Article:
Sally Townsend, George Washington’s Teenage Spy

Sally Townsend of Oyster Bay, Long Island was a petite, vivacious, intelligent, and remarkably attractive young lady with beguiling hazel eyes. A 1779 Valentine poem from an admiring British officer reads: Thou know’st what powerful magick lies Within the round of Sarah’s eyes.”

Sally was the sister of Robert Townsend, a principal member of the “Culper Ring,” General Washington’s most effective spy network that operated in the midst of British occupied New York and Long Island. During the British occupation of New York (1776-1783), Loyalist and Hessian troops were quartered in and around Oyster Bay, and in fact two Redcoat officers were billeted in the Townsend Home.

Sally assisted her brother in gathering intelligence while coyly flirting with the enemy. During that time, she was the romantic interest of German Jäger officer Ernst Wintzingerode, and she dallied with Major John André, who was the British Adjutant General and confidant of British Generals William Howe and Henry Clinton. Sally was actively courted by Lieutenant Colonel John Graves Simcoe, commander of the Queen’s Rangers, whose duties ironically included ferreting out the American spies on Long Island.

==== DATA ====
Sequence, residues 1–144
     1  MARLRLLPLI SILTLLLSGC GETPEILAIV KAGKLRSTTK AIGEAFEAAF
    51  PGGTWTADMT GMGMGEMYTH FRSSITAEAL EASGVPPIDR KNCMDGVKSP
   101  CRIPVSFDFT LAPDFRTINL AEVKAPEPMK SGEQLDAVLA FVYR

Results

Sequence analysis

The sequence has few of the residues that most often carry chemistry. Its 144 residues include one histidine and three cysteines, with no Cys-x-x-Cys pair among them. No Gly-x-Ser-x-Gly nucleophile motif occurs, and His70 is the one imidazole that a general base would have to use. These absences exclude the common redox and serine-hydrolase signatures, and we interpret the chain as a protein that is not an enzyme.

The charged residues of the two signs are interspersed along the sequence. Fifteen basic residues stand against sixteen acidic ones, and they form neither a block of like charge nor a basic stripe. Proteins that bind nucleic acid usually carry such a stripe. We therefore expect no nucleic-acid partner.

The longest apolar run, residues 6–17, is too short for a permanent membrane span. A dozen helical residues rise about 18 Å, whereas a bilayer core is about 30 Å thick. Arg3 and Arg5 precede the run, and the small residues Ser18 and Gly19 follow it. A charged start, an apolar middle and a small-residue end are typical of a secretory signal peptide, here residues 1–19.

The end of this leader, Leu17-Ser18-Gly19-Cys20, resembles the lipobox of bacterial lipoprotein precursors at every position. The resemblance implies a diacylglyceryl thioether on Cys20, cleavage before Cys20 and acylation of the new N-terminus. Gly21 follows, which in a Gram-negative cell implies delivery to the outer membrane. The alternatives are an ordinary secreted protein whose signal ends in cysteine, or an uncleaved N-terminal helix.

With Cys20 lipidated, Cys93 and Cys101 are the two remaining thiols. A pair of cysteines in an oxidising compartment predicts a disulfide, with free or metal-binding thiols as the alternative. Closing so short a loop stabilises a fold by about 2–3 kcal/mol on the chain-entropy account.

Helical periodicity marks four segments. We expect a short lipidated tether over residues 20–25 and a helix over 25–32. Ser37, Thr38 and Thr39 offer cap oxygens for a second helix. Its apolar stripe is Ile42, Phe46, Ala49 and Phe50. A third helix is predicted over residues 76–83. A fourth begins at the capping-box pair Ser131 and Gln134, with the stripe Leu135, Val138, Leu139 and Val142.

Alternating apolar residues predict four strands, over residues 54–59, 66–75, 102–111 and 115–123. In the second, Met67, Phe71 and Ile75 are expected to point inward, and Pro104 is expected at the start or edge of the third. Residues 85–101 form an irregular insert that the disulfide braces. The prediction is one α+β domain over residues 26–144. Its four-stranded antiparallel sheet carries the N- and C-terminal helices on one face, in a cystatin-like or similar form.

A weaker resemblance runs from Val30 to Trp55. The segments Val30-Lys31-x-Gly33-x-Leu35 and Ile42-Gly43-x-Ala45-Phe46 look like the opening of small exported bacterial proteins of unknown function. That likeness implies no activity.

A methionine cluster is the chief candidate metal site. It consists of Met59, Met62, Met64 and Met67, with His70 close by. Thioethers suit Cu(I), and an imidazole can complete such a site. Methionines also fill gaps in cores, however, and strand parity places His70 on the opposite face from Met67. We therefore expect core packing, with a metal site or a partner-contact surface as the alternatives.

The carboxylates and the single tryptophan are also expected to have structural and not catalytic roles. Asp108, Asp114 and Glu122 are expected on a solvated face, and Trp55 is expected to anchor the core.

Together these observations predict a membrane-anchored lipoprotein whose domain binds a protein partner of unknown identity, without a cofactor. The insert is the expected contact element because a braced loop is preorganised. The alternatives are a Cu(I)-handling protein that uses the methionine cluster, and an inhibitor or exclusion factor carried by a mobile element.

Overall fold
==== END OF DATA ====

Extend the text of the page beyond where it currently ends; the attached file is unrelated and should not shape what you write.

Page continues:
In 1780, Sally was instrumental in thwarting the infamous Benedict Arnold treason plot, which likely saved the Revolution, but for which she paid a heavy price.

The book also explores the possible identity of the mysterious “Agent 355” who was mentioned in a cryptic Culper Ring message.

Publisher: McFarland & Company, Inc., Jefferson, N.C.

Publication Date: 2014

ISBN 978-0-9864-9987-8

Key words:

  1. United States – History – Revolution – 1775-1783 – Secret Service – Culper Ring
  2. Spies – United States – Biography
  3. Spies – Great Britain – Biography
  4. Espionage – United States – History – 18th Century
  5. Agent 355 – Long Island – Oyster Bay